I’m not sure what sort of research and statistics you would expect, but I draw my claim based on his Stephen Colbert-like persona (which he displays on all his sites), his Youtube followers, number of Twitter followers, etc. He also runs a convention which some pretty big nerd-circle names attend. He seems to have enough followers to request they help him get on more radio networks (which is fine, I’m not saying this guy is evil incarnate — I’m saying he acts in a way that offends my brain).

      The continual stern and flamebait responses from the Fun Bunch implying I am an idiot for actively disliking everything this man stands for leads me to believe that a serious figure he is not — a man with many college students following him, he is that.

      • Rand May 1, 2010 at 7:55 pm #

        I think eventually you’ll look back on this blog entry in embarrassment. I had a blog full of these types of entries (well, maybe full is an overstatement), and I found myself cringing when I went back and read them. I just deleted the whole thing.

  2. Bawb March 2, 2010 at 7:15 am #

    He just loves things without cynicism. Jesse Thorn isn’t trying to invade on anybody’s space, he’s just saying “here’s this interview I did with Andrew WK, who makes awesome rock music that is awesome and doesn’t need to be seen ironically.” Hipsters love things purely out of irony, but this is the exact opposite. How can you be a hipster if you legitimately love the things you define your personal and professional life by?

    And because you’re going to respond to this with spite, the way you responded to everything everybody else wrote you, regardless of tone, I’ll just wish you luck in your testing job. Hope it rocks your fucking socks tomorrow. Hope it’s as fulfilling as a day spent pressing the space bar to make sure that everything inputs properly can be (this is an example of actual, dictionary-definition irony. The kind you don’t understand).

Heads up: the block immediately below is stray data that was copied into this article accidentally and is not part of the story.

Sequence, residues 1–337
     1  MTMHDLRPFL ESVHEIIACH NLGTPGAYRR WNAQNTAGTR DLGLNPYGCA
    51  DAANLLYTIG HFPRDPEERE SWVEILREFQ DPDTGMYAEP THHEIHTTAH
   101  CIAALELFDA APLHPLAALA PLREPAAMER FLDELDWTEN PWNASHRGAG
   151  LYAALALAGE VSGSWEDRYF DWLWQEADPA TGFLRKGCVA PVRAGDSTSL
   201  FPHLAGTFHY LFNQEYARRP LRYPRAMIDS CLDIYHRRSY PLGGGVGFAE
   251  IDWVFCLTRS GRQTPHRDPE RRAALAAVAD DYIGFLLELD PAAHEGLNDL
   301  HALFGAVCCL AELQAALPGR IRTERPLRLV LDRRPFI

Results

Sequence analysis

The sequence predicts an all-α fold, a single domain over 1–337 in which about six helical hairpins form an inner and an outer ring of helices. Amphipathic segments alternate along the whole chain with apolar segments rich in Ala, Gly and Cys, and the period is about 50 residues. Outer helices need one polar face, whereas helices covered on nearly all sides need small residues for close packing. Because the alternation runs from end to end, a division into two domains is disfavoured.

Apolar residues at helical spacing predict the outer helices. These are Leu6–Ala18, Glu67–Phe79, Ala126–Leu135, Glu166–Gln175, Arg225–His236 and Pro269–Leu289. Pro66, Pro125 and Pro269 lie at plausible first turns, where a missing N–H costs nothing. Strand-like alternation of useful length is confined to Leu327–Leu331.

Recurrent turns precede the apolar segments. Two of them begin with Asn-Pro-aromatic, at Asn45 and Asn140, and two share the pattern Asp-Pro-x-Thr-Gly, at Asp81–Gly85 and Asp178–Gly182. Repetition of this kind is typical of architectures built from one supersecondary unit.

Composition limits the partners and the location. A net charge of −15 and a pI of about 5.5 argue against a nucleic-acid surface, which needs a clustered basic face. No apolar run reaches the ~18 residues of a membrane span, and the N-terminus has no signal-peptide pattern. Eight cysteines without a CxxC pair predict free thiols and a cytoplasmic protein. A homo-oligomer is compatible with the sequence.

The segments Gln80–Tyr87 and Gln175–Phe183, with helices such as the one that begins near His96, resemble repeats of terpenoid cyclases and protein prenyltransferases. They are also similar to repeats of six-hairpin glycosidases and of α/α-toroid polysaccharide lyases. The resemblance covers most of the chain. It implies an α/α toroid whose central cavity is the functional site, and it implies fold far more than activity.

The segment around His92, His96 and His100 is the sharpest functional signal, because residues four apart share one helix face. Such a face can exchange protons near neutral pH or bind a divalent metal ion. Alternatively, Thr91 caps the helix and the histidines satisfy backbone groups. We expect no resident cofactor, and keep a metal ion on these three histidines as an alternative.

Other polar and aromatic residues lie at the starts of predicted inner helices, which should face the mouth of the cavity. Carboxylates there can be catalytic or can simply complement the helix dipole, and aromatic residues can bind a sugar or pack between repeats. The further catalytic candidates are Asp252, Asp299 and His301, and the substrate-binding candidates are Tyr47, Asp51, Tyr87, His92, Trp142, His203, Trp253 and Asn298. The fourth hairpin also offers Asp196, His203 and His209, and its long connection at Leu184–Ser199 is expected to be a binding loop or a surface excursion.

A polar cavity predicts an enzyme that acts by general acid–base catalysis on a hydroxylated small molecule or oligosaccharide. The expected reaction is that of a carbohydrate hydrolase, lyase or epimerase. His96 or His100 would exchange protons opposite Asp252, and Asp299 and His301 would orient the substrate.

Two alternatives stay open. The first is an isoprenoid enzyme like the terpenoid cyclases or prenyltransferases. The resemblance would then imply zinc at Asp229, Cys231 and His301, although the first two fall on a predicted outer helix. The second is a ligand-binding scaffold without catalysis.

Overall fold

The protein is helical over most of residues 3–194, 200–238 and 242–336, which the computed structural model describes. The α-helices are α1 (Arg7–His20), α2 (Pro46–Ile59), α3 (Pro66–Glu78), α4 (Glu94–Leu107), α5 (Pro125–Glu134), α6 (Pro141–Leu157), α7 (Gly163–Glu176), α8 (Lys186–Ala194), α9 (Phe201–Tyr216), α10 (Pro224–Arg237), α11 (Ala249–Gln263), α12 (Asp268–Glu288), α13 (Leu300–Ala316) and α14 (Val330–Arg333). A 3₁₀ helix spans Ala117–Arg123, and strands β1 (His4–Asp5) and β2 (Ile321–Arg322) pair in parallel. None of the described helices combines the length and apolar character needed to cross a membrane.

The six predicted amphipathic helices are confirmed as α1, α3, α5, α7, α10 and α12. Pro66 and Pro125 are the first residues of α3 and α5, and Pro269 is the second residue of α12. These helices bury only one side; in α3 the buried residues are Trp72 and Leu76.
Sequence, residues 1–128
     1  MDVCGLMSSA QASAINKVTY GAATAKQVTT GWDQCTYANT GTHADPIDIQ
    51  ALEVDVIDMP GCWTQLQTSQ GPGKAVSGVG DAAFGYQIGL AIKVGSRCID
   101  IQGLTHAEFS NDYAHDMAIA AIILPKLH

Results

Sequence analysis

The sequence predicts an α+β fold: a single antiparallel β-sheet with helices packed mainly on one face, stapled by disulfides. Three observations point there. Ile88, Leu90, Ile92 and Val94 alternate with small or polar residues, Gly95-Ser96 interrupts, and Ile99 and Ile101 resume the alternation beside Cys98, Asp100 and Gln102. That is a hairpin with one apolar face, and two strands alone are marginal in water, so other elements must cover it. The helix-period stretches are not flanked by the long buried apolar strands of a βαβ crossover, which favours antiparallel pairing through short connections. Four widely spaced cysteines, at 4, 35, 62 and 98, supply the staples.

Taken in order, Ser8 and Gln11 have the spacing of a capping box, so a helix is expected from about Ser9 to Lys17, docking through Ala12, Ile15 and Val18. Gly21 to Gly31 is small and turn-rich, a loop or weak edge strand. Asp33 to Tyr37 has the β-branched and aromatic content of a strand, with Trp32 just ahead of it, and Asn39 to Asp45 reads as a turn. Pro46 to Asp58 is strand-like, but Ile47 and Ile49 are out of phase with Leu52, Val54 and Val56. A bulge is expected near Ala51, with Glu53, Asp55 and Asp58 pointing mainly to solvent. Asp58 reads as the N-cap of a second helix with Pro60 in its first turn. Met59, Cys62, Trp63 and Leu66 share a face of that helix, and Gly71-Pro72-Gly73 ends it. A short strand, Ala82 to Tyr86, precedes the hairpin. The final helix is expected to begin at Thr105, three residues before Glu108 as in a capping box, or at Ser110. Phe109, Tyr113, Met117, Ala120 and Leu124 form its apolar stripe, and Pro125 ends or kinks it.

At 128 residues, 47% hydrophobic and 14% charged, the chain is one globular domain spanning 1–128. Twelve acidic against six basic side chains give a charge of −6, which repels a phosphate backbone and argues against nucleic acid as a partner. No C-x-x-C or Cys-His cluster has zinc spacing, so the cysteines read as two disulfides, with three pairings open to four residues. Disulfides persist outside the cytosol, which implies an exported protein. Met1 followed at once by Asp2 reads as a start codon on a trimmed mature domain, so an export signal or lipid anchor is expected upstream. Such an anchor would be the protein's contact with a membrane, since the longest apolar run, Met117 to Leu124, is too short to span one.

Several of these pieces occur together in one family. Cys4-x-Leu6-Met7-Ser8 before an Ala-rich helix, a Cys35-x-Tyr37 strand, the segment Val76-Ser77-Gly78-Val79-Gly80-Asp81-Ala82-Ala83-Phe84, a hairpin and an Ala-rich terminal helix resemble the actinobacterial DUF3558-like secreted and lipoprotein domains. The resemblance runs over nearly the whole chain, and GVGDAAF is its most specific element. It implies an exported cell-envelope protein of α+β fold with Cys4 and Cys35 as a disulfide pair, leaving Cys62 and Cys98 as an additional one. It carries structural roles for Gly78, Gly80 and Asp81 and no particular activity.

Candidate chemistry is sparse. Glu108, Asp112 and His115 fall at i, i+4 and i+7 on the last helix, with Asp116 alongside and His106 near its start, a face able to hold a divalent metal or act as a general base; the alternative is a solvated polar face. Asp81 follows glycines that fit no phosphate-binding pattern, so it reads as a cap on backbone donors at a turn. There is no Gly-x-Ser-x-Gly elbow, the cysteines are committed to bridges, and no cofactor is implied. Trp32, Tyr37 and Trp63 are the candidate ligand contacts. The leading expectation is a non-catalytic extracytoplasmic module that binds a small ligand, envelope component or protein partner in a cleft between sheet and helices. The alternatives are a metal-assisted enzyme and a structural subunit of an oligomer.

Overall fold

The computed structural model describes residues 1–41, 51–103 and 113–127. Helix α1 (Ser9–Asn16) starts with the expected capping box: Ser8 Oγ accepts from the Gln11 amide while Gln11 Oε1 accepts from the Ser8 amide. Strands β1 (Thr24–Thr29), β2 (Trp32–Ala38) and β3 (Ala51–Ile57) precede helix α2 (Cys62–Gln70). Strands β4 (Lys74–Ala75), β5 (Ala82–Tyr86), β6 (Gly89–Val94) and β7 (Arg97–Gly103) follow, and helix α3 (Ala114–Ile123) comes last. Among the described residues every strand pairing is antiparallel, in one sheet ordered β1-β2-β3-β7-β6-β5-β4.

Enjoy your mis-guided attempts at following whatever your heroes attack. Enjoy listening to BMSR, the epitome of all hipster psych-folk.

  3. wasd March 2, 2010 at 11:26 am #

    if having a (at least partially) kind of weird, vocal, creepy, obsessive fanbase is grounds for a LOOK AT THIS CULT OF PERSONALITY blog post, when can we expect the follow-up articles about every other popular thing on the internet?

    it’s the internet circle of life. nerds feel that person/thing they like has been unfairly wronged, and start vigorously defending it. seeing that happen and taking the opportunity to go “person/thing represents everything i hate and loathe” is going to get a response. if you had said “conan o’brien is an unfunny dickhead” a couple of months ago, you’d have gotten a lot of responses. if you were to say tomorrow “maybe now modern warfare 3 ca be good”, you’d get a lot of responses. you haven’t stumbled upon a scary hive mind, you’ve had a contrary opinion on the internet. it should be even less surprising considering the thing that got people pissed at gabe and tycho was attacking a guy personally because g&t were pissed over some logistical crap that was out of his control, and you took it as inspiration to [drum roll] attack the guy personally.

  4. wasd March 2, 2010 at 11:33 am #

    my previous post had more to it but it got cut off for some reason and replaced with stuff i had deleted, so here’s more words about this thing that’s super-important:

    and you’re suprised when people get upset when you jump from “this guy wears a bow tie” to “THIS GUY EMBODIES EVERYTHING ABOUT THE ENEMY IN THE CULTURE WAR IN MY HEAD”?

    for whatever it’s worth, my opinion on the matter is that the penny arcade comic and news post was petty and obnoxious but basically harmless. i can’t make a call on this post about what jesse thorn stands for (my complete jesse thorn exposure is reading about this pseudo-feud today and listening to a sound of young america where he interviewed the mst3k/cinematic titanic guys. the only thing i remember about that show is that it exists and i heard it), except to say that you can’t call other people bullies when you just said a guy embodies everything you loathe and called the people that like him daft, that, for someone who dislikes college pseudo-intellectuallism so much, the writing in your preface would make 19-year-old me proud, and to re-emphasize that jesse thorn fans are no more scary than any group of internet fans of anything at all, and that you were getting any polite reactions means they’re probably a lot less scary.